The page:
Though no matter what the outcome, I have a deep seated belief that Jp is in a home that is language rich and, for the hand that he was dealt, he is going to do wonders. I can’t help but be impressed with him on a daily basis and perhaps a few months out of speech will free us up to get him involved in some more social activities since we look like we are headed to mainstreaming.

There is always a silver lining…you just have to be willing to look.


Childhood Development Parenting Parenting and Childhood Development Uncategorized


Amber Perea View All →

I'm just living minute to minute, hour to hour, day to day.

17 Comments Leave a comment

  1. Honestly, one of my biggest fears is that my daughter will do so well that she no longer qualifies for services. I know that sounds backwards, but she DOES need more than other children her age and if she does meet some arbitrary standard at some point, it is because of the constant work done at home and at school. I need her in preschool receiving her therapies. I am not capable of providing the constant stimulation she needs on my own and caring for my other children. If she were to be found to not need services, I suspect a year later we would be qualifying again because she would fall behind.

    • Yep, I did a ton of research and I found that this was a typical occurrence for preemie’s with delays like my son’s. I have no doubt that when they re-evaluate we will be back in but right now we are building up confidence with two words at home and just working on expanding the vocabulary. At three, there will be expectations of more complicated sentence structures so I know we’ll qualify again.

      It’s just part of this unique experience that is raising my beautifully atypical Jp. Never a dull moment. ๐Ÿ™‚

  2. We have our 2nd NICU follow up in early June and I am so frightened of him being dismissed too soon. It’s a feeling that he’s going to need something. But I don’t know yet if its preemie mom paranoia or something I know at the gut level. So hard to wait and watch somedays. Hugs!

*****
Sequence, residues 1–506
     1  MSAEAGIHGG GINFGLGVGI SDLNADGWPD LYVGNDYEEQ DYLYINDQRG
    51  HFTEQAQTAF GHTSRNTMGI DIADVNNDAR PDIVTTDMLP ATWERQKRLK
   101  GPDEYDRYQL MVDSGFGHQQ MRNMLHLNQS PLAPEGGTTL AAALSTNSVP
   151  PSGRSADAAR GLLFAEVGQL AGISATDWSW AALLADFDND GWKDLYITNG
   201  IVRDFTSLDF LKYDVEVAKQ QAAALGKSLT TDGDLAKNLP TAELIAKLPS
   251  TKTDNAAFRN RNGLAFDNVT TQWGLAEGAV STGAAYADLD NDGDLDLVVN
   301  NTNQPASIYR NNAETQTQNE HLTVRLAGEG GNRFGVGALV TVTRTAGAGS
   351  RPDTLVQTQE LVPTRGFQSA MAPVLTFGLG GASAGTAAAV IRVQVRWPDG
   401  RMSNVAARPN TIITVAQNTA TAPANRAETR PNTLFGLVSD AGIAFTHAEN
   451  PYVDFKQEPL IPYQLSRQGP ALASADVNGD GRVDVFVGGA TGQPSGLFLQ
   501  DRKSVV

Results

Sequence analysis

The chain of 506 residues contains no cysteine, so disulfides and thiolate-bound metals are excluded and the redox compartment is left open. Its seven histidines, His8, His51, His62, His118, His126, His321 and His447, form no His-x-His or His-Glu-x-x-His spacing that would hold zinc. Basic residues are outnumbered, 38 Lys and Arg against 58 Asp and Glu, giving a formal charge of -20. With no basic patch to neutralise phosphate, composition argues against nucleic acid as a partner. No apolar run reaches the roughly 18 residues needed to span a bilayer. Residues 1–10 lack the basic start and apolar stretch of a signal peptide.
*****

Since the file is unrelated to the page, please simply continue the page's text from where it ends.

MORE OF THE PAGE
• If it’s any consolation, we didn’t do any NIC-U follow-ups or any of that. And when speech came up, it was still handled by insurance (as long as he falls under certain deviations) but he has been in for a year and most likely will be again in the fall. ๐Ÿ™‚

  3. Well I don’t know if it will count as going crazy to say don’t get predictive about how he will be doing in JP’ terms almost and entire JP life from now. He’s made a lot of progress so if you want to get predictive maybe do a nice graph assuming he continues to progress at the average rate of the last quarter. I would guess it will look less grim.

    You are right about receptive language not being something they can teach him, so perhaps with a little less of his capacity taken up on the futile he will have that time to sort things through. Kids these days have a much more rigorous therapy schedule than used to be the norm without as much of a difference in outcome as you might expect. I loathed speech therapy. Sadly everyone is funded for that here so there was no getting out of it.

    Compare him. What a nutty thing to tell a parent. You can hardly help it can you? That’s like the beans in the nose thing only for parents to me. But don’t let those comparisons build a hyppthetical future for him that you fear. I